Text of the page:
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ERIC Number: ED236979
Record Type: Non-Journal
Publication Date: 1982
Pages: 21
Abstractor: N/A
Reference Count: N/A
College Entrance Examinations and Social Cohesion.
Shimahara, Nobuo Kenneth
The influence of the college entrance examination (CEE) on social cohesion in Japanese society is considered, based on a 1976-1977 study in Nagoya, Japan. Attention is focused on socialization of adolescents and educational practice at the secondary level, and specifically cognitive and motivational orientations that are affected by CEE practice, which imposes a framework on the socialization and schooling of adolescents. Schooling at middle/high schools has become increasingly oriented to preparation for high school/college entrance examinations. A majority of adolescents are conditioned to view schooling as truly relevant when it prepares them for the CEE, and this orientation is legitimized by teachers, parents, and society. Social forces contribute to the Japanese pattern of socialization. For example, society attempts to develop cognitive and motivational uniformity through the educational system. In addition, the ideal pattern of social mobility in Japan involves vertical mobility within one work organization, and a college's prestige and rank tends to determine the graduate's opportunities for employment in preferred organizations. Finally, the Japanese regard education as a central means for social mobility. Case studies of three high schools illustrate the importance of the CEE. (SW)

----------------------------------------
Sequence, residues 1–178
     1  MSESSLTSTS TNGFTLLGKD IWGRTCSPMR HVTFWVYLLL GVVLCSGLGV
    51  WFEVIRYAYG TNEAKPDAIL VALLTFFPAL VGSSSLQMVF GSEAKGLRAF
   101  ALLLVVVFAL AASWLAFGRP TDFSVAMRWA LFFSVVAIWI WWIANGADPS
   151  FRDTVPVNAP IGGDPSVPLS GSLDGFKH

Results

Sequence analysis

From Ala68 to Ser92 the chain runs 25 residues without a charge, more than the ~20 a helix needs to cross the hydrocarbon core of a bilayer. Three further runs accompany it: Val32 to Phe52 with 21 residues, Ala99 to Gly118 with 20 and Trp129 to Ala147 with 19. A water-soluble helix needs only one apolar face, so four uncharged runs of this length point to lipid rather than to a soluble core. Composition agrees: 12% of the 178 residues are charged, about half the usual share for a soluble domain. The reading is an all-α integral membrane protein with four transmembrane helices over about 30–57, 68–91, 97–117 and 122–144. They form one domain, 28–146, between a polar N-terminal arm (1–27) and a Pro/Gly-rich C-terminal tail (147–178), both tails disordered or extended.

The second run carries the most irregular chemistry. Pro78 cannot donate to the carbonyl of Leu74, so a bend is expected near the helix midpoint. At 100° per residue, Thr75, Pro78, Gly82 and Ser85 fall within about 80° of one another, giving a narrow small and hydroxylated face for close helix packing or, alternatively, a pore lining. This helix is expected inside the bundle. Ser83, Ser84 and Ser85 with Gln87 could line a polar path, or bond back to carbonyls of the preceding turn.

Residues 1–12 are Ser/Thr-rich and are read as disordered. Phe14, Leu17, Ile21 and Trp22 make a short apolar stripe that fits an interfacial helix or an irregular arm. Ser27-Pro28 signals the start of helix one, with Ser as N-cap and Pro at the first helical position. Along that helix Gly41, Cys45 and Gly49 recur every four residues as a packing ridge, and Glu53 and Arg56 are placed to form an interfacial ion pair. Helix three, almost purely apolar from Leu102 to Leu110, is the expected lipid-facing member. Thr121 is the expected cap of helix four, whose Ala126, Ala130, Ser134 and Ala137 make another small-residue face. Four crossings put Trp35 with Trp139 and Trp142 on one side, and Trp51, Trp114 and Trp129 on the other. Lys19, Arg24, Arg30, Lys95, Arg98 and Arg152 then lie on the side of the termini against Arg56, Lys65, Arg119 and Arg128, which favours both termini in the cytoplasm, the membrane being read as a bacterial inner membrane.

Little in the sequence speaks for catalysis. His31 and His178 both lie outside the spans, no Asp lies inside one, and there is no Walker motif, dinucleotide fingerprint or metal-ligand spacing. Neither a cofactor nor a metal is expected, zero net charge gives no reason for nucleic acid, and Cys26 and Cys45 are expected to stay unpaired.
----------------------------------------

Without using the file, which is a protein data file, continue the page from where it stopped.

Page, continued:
Publication Type: Opinion Papers; Reports - Descriptive
Education Level: N/A
Audience: N/A
Language: English
Sponsor: N/A
Authoring Institution: N/A
Identifiers - Location: Japan